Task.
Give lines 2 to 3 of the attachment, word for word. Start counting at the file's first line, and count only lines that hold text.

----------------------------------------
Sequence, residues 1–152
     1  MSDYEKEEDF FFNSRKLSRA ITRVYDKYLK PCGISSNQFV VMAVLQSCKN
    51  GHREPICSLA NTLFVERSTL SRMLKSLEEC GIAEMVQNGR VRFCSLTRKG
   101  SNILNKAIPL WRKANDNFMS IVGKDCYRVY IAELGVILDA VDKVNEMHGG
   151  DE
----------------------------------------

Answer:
     1  MSDYEKEEDF FFNSRKLSRA ITRVYDKYLK PCGISSNQFV VMAVLQSCKN
    51  GHREPICSLA NTLFVERSTL SRMLKSLEEC GIAEMVQNGR VRFCSLTRKG